Back at home on Thursday, Feb 3, I was shaky and weak. I did my breather thingy every half hour as instructed. Mainly sat on the short couch a while, then at the kitchen table on HIPPIE. My oxygen stayed between 95 and 99, depending on my level of activity. I had two days of oral antibiotics to finish, and seven days of oral dexamethasone, the steroid. Which was a bit of a problem.
When Hick picked up my prescriptions from the pharmacy before liberating me from the hospital, the pharmacy was short on dexamethasone. They only gave TWO pills instead of SEVEN. With a note to pick up the rest the next day.
Friday afternoon, Hick went to get the rest of the dexamethasone.
"Oh, we don't have that."
"You said it would be here today."
"We are out. It may come in tomorrow."
"And if it doesn't, my wife will be out! She just got out of the hospital. She HAS TO HAVE IT."
Here's the good thing about WHO YOU KNOW. The pharmacist there is a 30-something brother of two of my former students. He knows me on sight, and by name. He told Hick he would call around to find those five pills. He found some at a pharmacy over by Sis-Town.
"Okay, then I'll just drive out there and get them."
"No. We can't let you do that. We'll have to send someone to bring them here."
And they did. Sent their delivery driver to get my five remaining pills, and gave them to Hick on Friday afternoon. If I didn't know anyone at the pharmacy, do you think I would have gotten those pills? I don't. So once again, things worked out for Val.
On Wednesday, Feb 9, I had a follow-up appointment with my nurse practitioner, and some bloodwork for the hospital lab and Dr. Debra. I was worried about getting in and out of the facility. Still shaky. No visitors allowed, so Hick couldn't go in with me. He dropped me off at the door. I put on my mask, but the greeter gal said everybody had to wear THEIR mask now. Which was just a paper version, nothing special.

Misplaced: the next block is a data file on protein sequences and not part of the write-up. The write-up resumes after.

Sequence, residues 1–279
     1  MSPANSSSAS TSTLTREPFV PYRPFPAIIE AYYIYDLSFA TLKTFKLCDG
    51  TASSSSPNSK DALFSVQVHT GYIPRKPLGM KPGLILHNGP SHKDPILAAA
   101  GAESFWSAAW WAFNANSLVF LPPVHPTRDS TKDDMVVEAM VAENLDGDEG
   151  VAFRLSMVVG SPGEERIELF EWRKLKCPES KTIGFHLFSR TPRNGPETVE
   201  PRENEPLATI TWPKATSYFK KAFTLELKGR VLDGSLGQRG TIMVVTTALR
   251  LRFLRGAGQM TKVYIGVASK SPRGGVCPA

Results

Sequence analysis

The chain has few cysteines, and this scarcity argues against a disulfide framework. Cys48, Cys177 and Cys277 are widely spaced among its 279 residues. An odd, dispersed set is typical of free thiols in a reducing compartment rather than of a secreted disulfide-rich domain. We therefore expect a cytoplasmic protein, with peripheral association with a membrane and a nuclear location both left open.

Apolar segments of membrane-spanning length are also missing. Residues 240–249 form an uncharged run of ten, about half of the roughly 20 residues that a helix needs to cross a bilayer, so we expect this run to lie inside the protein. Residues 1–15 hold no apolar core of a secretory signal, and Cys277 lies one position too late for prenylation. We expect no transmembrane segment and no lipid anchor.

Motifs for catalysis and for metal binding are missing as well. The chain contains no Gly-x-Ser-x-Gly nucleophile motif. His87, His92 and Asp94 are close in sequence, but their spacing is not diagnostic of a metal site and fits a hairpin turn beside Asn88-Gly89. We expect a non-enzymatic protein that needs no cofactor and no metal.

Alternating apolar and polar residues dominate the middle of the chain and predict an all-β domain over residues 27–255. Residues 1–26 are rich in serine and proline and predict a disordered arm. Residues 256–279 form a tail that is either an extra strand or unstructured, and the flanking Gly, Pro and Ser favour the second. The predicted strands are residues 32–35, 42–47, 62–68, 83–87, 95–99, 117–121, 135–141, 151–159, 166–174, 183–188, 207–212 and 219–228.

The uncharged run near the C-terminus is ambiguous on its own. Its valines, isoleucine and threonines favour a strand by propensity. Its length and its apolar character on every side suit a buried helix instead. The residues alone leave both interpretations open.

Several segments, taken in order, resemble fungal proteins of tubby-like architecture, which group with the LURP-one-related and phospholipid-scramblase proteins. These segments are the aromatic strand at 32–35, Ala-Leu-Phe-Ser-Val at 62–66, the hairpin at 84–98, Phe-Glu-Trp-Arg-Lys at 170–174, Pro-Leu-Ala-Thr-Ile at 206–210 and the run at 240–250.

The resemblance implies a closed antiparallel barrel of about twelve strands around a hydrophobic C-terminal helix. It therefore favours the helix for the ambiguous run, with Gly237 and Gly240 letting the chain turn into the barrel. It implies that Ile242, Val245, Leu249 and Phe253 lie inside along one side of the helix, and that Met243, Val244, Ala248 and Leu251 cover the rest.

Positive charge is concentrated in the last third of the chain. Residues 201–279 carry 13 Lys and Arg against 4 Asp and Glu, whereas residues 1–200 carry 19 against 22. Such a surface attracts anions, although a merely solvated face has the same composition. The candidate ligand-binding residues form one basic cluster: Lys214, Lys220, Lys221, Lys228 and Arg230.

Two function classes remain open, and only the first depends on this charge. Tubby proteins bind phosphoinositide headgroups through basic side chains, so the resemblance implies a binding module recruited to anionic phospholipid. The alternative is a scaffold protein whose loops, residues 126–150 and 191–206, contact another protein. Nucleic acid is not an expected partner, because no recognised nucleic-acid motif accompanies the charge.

"Have you been exposed to THE VIRUS? Do you have any symptoms?"
"I just got out of the hospital with it last week. I'm here for a follow-up appointment."
"Oh, congratulations on surviving!"
Well. That was a bit off-putting. Here I was, feeling like I was on the road to recovery, like maybe the ordeal had been blown out of proportion. And she was telling me I should have died! I was shaky-legged waiting for one of the two elevators to come down and take me to the second floor. That's the only way to get there. Not that I could have walked up steps anyway.
I waited 25 minutes to be called in for my appointment. It was kind of stressful, not feeling my best, all alone, sitting. They called me back, put me on the scale, and Mr. NP showed up behind me.
"Well! You were quite a popular gal last week!"
"Believe me, I didn't want to be."
They put me in an exam room, and a nurse came in to question me and take vitals.
"Do you smoke or vape?"
"That's what kept you from dying. Over the past two weeks, have you felt depressed?"
"No more than you would from ALMOST DYING."
Sheesh! If everyone was going to point out how I was almost a goner, I might as well go along with it!
"Do you want a VIRUS shot?"
"No. I think I'll use my natural immunity."
"Well, I couldn't give you one anyway. Because you just had THE VIRUS. But I always ask everyone, just to see their answer. Some say, 'HELL NO!" and others say, 'No thank you.'"
That seemed like some kind of perverse game to me, but weirdos are gonna weirdo, and they're gonna be attracted to Val.
Mr. NP came in and discussed my situation. Listened to my lungs.
"When I saw your name come across our list, I told everyone, 'I do NOT want this for this lady!' You are moving air well. We'll do an x-ray in one month, and some bloodwork. The order you have is from Dr. Debra, so that will be separate. I will get the results, and one of my girls will call you with it by tomorrow."
I made my next appointment, and went up to the lab, only to be told that I had to go downstairs to the hospital lab because Dr. Debra was on the hospital staff, not the clinic staff. This was becoming quite an ordeal. Hick had dropped me off at 2:15, and it was now after 3:30. I made two trips by the bathroom on the third floor. I couldn't see my feet under that giant paper mask that kept creeping up toward my eyes. I had to wait to be called to the admitting desk in order to get approval for the bloodwork. Then walked past the lab to a cubicle, and back to the lab to a row of curtained blood-drawing chairs. Gave my sample, and made my way out to the lobby to text Hick to pick me up. It was taxing.
I still have trouble sleeping, but it's getting easier to breathe. Dizziness comes and goes, not sure what it's from. Saturday was my first trip out, to Country Mart, with Hick as my companion in case I felt faint. I made it okay.